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Hypocrisy_Central's avatar

Osama Bin Laden is dead, who believe that Al Qaeda will disolve and cease to be effective?

Asked by Hypocrisy_Central (26783points) May 1st, 2011

Osama Bin Laden is dead, who thinks that it will make any major difference whatsoever? He was not been a major player in the day to day of Al Qaeda for some time. I don’t even believe he was a major funding benefactor. With him being dead couldn’t it have effect as the Tillman, or *Jessica Lynch*syndrome? To those extremist and Al Qaeda members seeing their spiritual head lay down his life for the cause make them more willing to lay down there’s? Five years from now who actually think Al Qaeda will be gone?

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17 Answers

DrBill's avatar

It will not go away, they will appoint a new head terrorists

KateTheGreat's avatar

They’ll be stronger than ever.

Watch. They’ll want revenge.

Seaofclouds's avatar

It won’t end and there may be (probably will be) retaliation.

Trojans40's avatar

Who knows how much forces they have left. If they would to pull all of their operation from the whole world. They might have enough to attack the forces we have left.

jerv's avatar

A paramilitary organization with a hierarchical chain of command that is used to operating in isolated, autonomous cells loses their top guy…

Nope. I think that it won’t make any difference, at least not is a good way. At best, it’s like smashing jelly with a sledgehammer. And since his death was at the hands of the US military as opposed to, well, any manner other than being killed by the US, I see that
jelly” as actually being napalm. I predict trouble.

Jaxk's avatar

It’s not a death blow to Al Qaeda but a blow nonetheless. Bin Laden has gained mystic status by eluding our pursuit for years. It’s now obvious that he’s not invincible. Will they retaliate, probably. Still, it is demoralizing. This is a many headed snake but those heads are being lopped off and each new head it grows is being cut off before it grows as large as the last. No one ever thought this would be quick and easy. Nor that Bin Laden was the end of the trail.

ETpro's avatar

Like @Jaxk says, this won’t kill the hydra with many heads, but it’sn a serious blow. It may turn out that the push for democratic reforms sweeping the Middle East today will prove the more decisive wound to al Qaeda. But the organization is diminished. It isn’t dead, but it is dying. Those carrying its banners will find they bet on the wrong side of history. That isn’t where the world is heading.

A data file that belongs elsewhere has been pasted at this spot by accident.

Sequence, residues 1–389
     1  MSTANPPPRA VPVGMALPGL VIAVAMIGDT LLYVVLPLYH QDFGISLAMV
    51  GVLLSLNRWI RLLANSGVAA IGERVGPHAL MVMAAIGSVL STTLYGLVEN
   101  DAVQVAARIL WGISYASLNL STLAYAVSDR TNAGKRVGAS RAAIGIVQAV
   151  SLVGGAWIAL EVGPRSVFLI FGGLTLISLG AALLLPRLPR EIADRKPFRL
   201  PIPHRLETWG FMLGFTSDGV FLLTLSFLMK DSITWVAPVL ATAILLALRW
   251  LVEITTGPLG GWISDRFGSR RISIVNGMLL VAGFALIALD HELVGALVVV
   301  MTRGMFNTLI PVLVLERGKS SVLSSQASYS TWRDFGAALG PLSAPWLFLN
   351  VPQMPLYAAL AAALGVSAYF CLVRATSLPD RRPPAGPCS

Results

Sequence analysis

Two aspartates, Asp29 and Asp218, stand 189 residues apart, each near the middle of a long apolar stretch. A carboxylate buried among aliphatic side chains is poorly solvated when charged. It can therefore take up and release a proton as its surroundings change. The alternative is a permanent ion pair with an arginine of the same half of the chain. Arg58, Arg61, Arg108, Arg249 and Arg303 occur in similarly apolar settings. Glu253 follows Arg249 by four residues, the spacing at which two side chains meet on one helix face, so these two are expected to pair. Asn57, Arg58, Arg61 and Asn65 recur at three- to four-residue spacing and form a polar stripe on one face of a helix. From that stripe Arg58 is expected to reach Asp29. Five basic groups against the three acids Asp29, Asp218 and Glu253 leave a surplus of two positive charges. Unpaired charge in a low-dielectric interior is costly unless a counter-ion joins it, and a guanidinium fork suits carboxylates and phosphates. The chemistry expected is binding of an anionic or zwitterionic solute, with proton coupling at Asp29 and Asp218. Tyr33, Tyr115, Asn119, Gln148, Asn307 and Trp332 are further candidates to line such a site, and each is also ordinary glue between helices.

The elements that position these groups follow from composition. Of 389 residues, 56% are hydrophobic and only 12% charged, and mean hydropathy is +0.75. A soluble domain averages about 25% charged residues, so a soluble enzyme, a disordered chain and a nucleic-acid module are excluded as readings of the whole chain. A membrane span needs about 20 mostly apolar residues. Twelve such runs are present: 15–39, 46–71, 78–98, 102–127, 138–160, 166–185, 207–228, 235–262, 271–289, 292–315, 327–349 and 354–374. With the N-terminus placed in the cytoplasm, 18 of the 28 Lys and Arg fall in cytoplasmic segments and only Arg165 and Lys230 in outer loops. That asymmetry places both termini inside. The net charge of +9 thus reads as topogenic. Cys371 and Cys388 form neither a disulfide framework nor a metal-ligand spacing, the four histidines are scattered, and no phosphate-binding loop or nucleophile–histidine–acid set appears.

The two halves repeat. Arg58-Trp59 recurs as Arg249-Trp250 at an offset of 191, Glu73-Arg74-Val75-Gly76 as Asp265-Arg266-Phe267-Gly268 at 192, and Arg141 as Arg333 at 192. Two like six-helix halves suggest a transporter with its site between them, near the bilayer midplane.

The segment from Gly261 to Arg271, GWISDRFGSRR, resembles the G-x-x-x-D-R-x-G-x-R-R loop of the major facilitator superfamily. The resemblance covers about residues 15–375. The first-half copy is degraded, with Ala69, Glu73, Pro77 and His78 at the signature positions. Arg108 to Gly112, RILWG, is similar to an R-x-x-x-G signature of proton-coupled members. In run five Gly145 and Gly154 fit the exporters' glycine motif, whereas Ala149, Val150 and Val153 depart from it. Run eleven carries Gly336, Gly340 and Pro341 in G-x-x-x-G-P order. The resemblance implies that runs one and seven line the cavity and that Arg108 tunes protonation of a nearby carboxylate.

mazingerz88's avatar

Al Qaeda dissolve? I don’t think so. The comedian Bill Maher said it right when he stated real victory against terrorism only comes when no Muslim wants to kill Americans anymore. Can’t see when and how that could happen.

flutherother's avatar

I don’t see Al Qaeda disappearing completely as long as Muslims feel they are being unjustly treated by the West. With Osama gone they may reconsider their tactics and operate in more subtle ways.

Ron_C's avatar

bin Laden has become irrelevant to al Qaeda and his only position was as a figure head for the cause. He did one thing right, he split the leadership and made them independent so that each cell or group of cells is capable of independent murder. That was the lesson taught to him by the U.S. efforts to find him. We taught him to be sneaky instead of just evil.

Trojans40's avatar

Be careful with the world Muslim and al Qaeda. Don’t put them together in a 100% fashion, not all Muslim is volient to people. We have very volient Christians as well with the uptight Christians and that goes with the Muslims.
Because it a terrorist group that has a strong reglious background of Muslims, not every Muslims will support that group. There are Muslims that hate the al-Qadea and desire for more US efforts.

marinelife's avatar

I believe that with their primary source of funding cut off and with no single leader, the group will further splinter and will decrease in effectiveness.

wundayatta's avatar

The only thing that will make a difference is ameliorating the conditions that give rise to terrorism. Some of that is economic and some of that is education and culture. We can pick off terrorists one terrorist at a time, but until the economy gets better and it affects the wealth of people, globally, terrorism will always be a pest.

basstrom188's avatar

Bin Liner was a spent force. This is just Obama trying to boost his flagging popularity.

dabbler's avatar

I think they can regroup but in this sort of “organization” a leader strong enough to command as effectively as did OBL could take years to emerge.
I don’t see there being a cohesive “they” within the ranks but hey I don’t live anywhere near there and claim no expertise. My guess is there will be cells who can carry out attacks but they will be less diabolically effective and with less diabolical motivation and focus. The European branch seem particularly vicious.
So I don’t know @DrBill… “they will appoint a new head” who they? The Carlysle Group ? Haliburton? Xe ? If they were behind OBL all along all bets are off.

mattbrowne's avatar

Al-Qaeda is designed like the Internet. When you destroy a part of it, the rest still works just fine, perhaps a bit slower, yet by putting new cables in the ground, bandwidth bottlenecks will soon disappear. The same will happen with Al-Qaeda.

We need a long-term strategy that influences the recruitment process of Al-Qaeda.

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